randum to the XVIII Airborne Corps commander setting forth the hard facts of the case already put to the British captain.
. . . Unless assistance is promptly forthcoming I believe our present position may become serious for several reasons, namely:
a. Our supplies must come in through a bottleneck over a bridge near Vielsalm.
b. We may become subjected to enemy artillery fire from practically any direction.
c. The road net within our position is totally inadequate to the troops and vehicles concentrated therein. The map shows many roads, but on the ground, the majority of these are mere tracks on which even a jeep bogs down if more than two or three travel on it.
d. If the 2d SS Panzer Division attack should succeed in driving back the two RCTs of the 82d Airborne Division now between Salmchateau and Hebronval even as little as 3000 yards we will be completely severed from any source of supplies.
Since the chances of assistance in the immediate future do not seem bright, I would like to suggest that consideration be given to withdrawal of the 7th Armored and 106th Divisions to a position to the right (west) of the 82d Airborne Division where they may be of assistance in halting a possible advance north by the 2d SS Panzer.
The withdrawal of CCB, 7th Armored Division, last night from St. Vith was expensive. So far we are missing at least one half of Clarke's force. Of course many of them will show up, but they will be minus weapons, ammunition, blankets and rations as well as at a low physical level. *I don't think we can prevent a complete break-through if another all-out attack comes against CCB tonight* [italics (between asterisks, LWJ) supplied] due largely to the fact that our original three infantry battalions have at present melted to the equivalent of only two very tired battalions.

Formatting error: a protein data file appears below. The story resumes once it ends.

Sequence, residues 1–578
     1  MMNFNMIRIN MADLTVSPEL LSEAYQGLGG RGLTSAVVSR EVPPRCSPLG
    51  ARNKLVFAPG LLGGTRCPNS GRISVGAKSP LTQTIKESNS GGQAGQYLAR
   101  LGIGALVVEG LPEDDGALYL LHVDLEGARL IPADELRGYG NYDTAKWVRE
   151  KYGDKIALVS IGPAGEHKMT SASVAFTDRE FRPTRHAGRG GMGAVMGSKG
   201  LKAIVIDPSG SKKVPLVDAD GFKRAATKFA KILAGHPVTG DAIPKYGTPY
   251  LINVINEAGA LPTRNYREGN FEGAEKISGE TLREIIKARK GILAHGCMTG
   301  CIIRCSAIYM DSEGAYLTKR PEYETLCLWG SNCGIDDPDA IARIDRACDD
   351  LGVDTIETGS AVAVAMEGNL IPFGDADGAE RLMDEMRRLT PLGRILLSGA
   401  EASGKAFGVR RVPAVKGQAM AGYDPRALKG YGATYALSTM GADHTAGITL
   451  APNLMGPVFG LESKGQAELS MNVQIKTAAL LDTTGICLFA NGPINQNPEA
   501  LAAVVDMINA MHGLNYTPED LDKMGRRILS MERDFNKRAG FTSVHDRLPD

It was about an hour before noon. Hasbrouck had not yet sent his message to Ridgway when word came of the German advance against the north flank of CCB, 7th Armored, in the Rodt sector. General Hasbrouck now had a postscript to add, one bringing tenseness and urgency to the precise military form and phraseology of the main text.
P.S. A strong attack has just developed against Clarke again. He is being outflanked and is retiring west another 2,000 yards refusing both flanks. I am throwing in my last chips to halt him. Hoge has just reported an attack. In my opinion if we don't get out of here and up north of the 82d before night, we will not have a 7th Armored Division left. RWH.
This message reached Ridgway's headquarters ten minutes before noon.
Hasbrouck was not alone in this apprehensive view of things to come. Over the field telephone General Jones concurred in the opinion furnished Montgomery and Ridgway, but at 1250 Jones dispatched a memo to Ridgway saying, "My intentions are to retain the ground now defended." Without further orders the two commanders, their staffs, and subordinates set to work on plans for demolitions and a rear guard stand to keep the escape routes to the Salm open. During the afternoon the 7th Armored Division trains, whose officers and men had done a remarkable job in supporting the troops in the salient, got through one last supply column of ninety vehicles to Salmchateau. The arrival of gasoline, rations, ammunition, and the presence of a few replacement vehicles in the division park would make the last-ditch stand or withdrawal, whichever it might be, a little easier.
In the middle of the afternoon the order came-withdraw. Montgomery had consulted with General Hodges, the First Army commander, and here